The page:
Oklahoma Governor opposes Medicaid expansion

Oklahoma Gov. Mary Fallin (R) said Monday that the Oklahoma Department of Health will not participate in a state-based health exchange or to expand Medicaid – key parts of the new federal health care law designed to increase coverage for the elderly and poor.

In a letter to Kathleen Sebelius, Secretary of the U.S. Department of Health and Human Services, Fallin said she believes there are “market-based solutions that can be found to facilitate greater access” to health care.

Estimates are that an additional 693,000 state residents would be eligible for Medicaid coverage if Oklahoma were to participate in the key provision of the health care law.

Beginning in 2014, the law is set to expand the Medicaid program to cover people under age 65, including people with disabilities, with income of about $15,000 for a single individual. The expansion also aids low-income adults who have disabilities but don’t meet Social Security disability requirements. The expansion also helps those whose income is above their state’s current eligibility levels.

In Oklahoma, the expansion would allow anyone earning at or less than $14,856, to enroll in Medicaid. Tax credits would be available, under the expansion, for those who earn just below $45,000 – roughly four times the poverty level – to help pay private insurance premiums.

“Despite my ongoing opposition to the federal health care law, the state of Oklahoma is legally obligated to either build an exchange that is PPACA compliant and approved by the Obama Administration, or to default to an exchange run by the federal government,” Fallin noted in a press release (See the full statement below). “This choice has been forced on the people of Oklahoma by the Obama Administration in spite of the fact that voters have overwhelmingly expressed their opposition to the federal health care law through their support of State Question 756, a constitutional amendment prohibiting the implementation of key components of PPACA.”

The federal government will pay 100% of the states’ expanded Medicaid costs between 2014 and 2017.  Beyond 2017, states will pick up payment of an incremental portion of the expanded Medicaid program, up to 10% by 2021.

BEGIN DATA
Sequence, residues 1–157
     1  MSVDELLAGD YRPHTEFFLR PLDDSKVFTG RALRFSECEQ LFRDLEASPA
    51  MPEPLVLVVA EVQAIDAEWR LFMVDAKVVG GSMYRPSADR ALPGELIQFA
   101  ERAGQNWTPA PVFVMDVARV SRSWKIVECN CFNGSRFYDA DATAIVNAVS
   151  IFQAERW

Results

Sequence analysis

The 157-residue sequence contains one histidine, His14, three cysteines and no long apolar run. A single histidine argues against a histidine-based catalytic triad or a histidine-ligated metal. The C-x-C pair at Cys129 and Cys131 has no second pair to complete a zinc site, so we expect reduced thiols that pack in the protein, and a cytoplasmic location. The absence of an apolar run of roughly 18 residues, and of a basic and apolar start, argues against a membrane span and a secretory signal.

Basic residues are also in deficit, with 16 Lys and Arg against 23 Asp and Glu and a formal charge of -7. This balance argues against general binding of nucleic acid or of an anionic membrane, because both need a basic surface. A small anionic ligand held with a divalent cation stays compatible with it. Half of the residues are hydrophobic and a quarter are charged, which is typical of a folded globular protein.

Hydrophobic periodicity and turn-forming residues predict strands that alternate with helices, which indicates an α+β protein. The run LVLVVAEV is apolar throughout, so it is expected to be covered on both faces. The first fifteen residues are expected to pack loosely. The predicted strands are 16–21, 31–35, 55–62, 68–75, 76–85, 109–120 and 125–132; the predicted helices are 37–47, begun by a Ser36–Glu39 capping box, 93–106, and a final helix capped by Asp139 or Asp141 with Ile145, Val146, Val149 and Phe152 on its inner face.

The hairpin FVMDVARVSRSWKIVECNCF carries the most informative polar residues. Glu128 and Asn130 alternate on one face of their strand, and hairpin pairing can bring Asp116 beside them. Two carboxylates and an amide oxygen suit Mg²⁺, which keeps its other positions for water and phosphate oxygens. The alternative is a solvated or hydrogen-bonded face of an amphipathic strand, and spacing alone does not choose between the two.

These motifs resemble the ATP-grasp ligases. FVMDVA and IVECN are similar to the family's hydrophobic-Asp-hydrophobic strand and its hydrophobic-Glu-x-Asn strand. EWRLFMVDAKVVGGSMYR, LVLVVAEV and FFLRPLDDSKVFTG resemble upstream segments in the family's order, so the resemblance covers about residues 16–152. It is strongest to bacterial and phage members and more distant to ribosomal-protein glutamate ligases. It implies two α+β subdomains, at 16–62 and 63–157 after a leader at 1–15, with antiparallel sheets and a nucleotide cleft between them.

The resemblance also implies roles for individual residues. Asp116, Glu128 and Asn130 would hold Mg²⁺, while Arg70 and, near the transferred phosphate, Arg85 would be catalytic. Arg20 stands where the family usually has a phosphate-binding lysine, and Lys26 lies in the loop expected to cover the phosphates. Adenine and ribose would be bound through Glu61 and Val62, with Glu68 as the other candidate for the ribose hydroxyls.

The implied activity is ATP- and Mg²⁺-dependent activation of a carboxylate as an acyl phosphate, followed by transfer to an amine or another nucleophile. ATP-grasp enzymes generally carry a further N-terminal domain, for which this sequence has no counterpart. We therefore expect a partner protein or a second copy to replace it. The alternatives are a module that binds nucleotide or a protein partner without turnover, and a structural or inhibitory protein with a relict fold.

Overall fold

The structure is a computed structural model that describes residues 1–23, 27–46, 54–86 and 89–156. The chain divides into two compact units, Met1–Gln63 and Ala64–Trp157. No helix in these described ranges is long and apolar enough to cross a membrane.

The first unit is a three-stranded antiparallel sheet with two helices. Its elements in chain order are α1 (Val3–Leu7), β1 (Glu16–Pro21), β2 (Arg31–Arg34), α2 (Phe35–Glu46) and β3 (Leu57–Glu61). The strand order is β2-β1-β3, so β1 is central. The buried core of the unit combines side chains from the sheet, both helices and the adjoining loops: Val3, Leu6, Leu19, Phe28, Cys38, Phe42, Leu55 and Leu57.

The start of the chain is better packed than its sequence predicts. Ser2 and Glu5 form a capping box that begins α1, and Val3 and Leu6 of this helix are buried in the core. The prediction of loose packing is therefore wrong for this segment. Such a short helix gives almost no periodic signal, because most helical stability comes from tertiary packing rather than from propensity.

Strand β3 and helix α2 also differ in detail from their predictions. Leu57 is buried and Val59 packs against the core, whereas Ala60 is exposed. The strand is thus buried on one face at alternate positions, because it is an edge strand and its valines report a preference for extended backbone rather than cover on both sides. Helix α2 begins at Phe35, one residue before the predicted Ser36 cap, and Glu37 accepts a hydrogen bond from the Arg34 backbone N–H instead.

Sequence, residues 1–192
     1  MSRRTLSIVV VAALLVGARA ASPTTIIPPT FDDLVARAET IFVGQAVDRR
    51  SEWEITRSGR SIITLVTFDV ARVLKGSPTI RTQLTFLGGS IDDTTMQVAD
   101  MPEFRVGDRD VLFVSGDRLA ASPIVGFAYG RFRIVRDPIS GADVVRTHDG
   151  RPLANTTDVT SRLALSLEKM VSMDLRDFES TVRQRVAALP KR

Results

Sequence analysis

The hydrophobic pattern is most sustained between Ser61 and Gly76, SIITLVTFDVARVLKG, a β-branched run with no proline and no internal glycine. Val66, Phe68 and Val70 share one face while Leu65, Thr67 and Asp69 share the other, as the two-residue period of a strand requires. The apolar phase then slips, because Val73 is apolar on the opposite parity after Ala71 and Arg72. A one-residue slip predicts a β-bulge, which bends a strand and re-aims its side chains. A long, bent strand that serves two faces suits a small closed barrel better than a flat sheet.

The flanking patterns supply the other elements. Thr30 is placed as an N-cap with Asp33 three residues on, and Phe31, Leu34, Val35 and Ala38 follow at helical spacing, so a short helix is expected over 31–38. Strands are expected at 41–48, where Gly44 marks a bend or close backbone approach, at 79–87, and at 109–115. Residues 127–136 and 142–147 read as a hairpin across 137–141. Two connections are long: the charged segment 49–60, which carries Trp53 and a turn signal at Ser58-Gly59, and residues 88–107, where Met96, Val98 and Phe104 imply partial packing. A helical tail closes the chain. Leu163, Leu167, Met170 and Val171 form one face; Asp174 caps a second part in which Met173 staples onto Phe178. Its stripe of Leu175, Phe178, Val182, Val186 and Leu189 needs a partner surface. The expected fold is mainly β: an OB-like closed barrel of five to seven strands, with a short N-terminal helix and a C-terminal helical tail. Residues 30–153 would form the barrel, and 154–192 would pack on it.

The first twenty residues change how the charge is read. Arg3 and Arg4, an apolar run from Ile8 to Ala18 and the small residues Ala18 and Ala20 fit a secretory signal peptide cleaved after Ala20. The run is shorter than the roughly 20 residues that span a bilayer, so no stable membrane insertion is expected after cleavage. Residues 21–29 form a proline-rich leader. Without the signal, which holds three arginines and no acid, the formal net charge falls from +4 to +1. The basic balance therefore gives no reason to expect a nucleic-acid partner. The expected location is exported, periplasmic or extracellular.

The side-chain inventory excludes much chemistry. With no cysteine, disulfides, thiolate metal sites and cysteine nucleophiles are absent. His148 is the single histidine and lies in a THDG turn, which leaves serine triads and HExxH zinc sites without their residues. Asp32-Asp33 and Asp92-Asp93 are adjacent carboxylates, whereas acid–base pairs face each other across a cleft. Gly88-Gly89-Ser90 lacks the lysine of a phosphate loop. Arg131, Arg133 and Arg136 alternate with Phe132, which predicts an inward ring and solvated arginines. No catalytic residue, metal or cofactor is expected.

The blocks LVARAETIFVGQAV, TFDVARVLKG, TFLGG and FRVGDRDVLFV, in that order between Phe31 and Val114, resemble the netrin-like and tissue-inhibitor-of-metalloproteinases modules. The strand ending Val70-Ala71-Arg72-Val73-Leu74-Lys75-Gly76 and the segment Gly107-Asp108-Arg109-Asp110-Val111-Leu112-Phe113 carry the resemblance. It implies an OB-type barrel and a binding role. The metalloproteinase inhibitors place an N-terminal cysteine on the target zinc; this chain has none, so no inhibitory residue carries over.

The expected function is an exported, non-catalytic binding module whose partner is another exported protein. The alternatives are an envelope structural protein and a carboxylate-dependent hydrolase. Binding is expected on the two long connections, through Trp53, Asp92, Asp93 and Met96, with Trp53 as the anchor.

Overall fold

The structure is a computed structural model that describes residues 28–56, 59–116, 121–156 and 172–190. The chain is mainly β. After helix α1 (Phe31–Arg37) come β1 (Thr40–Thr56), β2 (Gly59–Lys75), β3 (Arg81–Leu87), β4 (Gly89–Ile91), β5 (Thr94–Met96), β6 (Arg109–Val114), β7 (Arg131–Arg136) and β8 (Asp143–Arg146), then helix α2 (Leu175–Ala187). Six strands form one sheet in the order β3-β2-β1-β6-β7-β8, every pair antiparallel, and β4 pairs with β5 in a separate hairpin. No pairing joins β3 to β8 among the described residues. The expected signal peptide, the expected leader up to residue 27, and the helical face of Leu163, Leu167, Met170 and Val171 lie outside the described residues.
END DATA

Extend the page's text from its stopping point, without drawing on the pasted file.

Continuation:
The U.S. Supreme Court ruling in June upheld the individual mandate portion of the federal health care law. It also said states could not be penalized for opting out of a provision calling for expansion of Medicaid, a health insurance partnership between the states and federal government to help poorer citizens.

Governors in Alabama, Alaska, Arizona, Idaho, Louisiana, Maine, Nebraska, New Jersey, Ohio, Texas and Wisconsin have either said they would not participate in health insurance exchanges or are postponing a decision until later in the year.

Arkansas Gov. Mike Beebe (D) has advocated for Legislative approval to create a state-run exchange rather than submit to a federal plan.

Beebe also has advocated for the state to take advantage of federal government dollars from a potential Medicaid expansion as allowed by the federal health care law. According to state Medicaid director Andy Allison, the expansion could actually save $372 million or more over a seven-year period if Arkansas opted in.

Republican Legislators, who now control the Arkansas House and Arkansas Senate, have said they oppose the exchanges and Medicaid expansion.

FALLIN STATEMENT
OKLAHOMA CITY – Governor Mary Fallin today released the following statement announcing that Oklahoma will not pursue the creation of a state-based exchange or participate in the Medicaid expansion in the Patient Protection and Affordable Care Act (PPACA):